GoogleIO is happening right now in San Francisco. On the agenda, there has been (only?) one talk on NFC in the Android track. During this talk, the speakers gave an introduction to NFC technology, but for someone who knows the basics on NFC, the most interesting parts were the demos, showing interesting NFC applications.
But first, let’s see what they have to say about the characteristics of NFC. I kinda like their presentation of things:
- Low friction. The main advantage that they have been advertising. The idea is here that when you scan a NFC tag, the appropriate application is instantly launched, which is a much better user experience than using QR-codes.
- Low range. Some good, and some bad. On the good side, the low range is a security guarantee: in order to start a NFC exchange, an attacker will need to be uncomfortably close to his victim. On the bad side, if you want to do something, NFC will be used to bootstrap, but another wireless connection (Bluetooth, WiFi) will need to be set up.
- Low data rate. Not good, and another reason to switch to another wireless connection after bootstrap.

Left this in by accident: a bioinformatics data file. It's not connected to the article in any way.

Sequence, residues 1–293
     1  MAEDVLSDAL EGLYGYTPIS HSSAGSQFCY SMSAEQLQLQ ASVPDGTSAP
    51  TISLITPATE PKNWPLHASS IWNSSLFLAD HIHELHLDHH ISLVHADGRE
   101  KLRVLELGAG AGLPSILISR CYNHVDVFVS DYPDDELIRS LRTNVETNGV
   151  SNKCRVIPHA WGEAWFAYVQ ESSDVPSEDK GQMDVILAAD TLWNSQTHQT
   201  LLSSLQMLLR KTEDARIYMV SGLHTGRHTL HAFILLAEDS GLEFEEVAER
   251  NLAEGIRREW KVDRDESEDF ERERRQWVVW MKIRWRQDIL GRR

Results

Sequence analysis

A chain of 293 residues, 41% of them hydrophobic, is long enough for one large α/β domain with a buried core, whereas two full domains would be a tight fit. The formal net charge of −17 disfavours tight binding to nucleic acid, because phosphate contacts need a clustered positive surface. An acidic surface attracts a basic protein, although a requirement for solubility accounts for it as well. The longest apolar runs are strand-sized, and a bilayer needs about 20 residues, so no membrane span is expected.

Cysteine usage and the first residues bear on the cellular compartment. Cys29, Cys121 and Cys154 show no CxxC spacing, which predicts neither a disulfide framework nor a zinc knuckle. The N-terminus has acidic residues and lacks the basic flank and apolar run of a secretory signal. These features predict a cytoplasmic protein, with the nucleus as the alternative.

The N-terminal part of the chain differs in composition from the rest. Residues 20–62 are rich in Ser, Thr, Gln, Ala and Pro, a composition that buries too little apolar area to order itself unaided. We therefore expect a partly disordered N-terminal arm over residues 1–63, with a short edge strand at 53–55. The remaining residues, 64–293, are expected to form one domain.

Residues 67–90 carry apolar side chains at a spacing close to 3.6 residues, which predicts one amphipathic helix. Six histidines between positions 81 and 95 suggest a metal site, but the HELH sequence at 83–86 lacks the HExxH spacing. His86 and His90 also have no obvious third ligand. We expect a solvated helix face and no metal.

So, in Google IO, the main message is that NFC has “low friction” and allows developers to instantly start their application, based on a contextual information (a NDEF tag, or another phone in P2P mode). The examples for tags were basic but demonstrative, as they actually triggered an action (or at least, they tried to, because as usual in big conferences, network was a problem).
The P2P examples were even more demonstrative. The most basic one used NFC in a gaming environment: (1) take two phones on which the same 2-player application is installed, (2) start the application on one, (3) move the second phone in NFC range. Then, the magic occurs: the application is started on the second phone, and a Bluetooth connection is setup. The players can now start a new game and play. Now, that’s user experience.
This concept can then be extended, and this will actually happen in the next release (dubbed Ice Cream Sandwich, one of my favorite American junk foods). Then, some of the core applications will be NFC-enabled. For instance, to share a contact, simply open the contact, and have the recipient put his phone in range: the contact goes to the other phone. Same thing to exchange a URL, to confirm an appointment, or a few more things. Very impressive indeed, and for me, a whole new set of applications for NFC.
I kept one for the end. If we reconsider the gaming example, but the second player does not have the application installed, what will happen? He will be forwarded to Android Market, of course, to purchase the application. This just works.
Google even gets a reward for this: since both people exchanging data on a P2P NFC connection are likely to be connected to their Google account, such recommendations are really easy to track, or even to reward. More information for the Google database.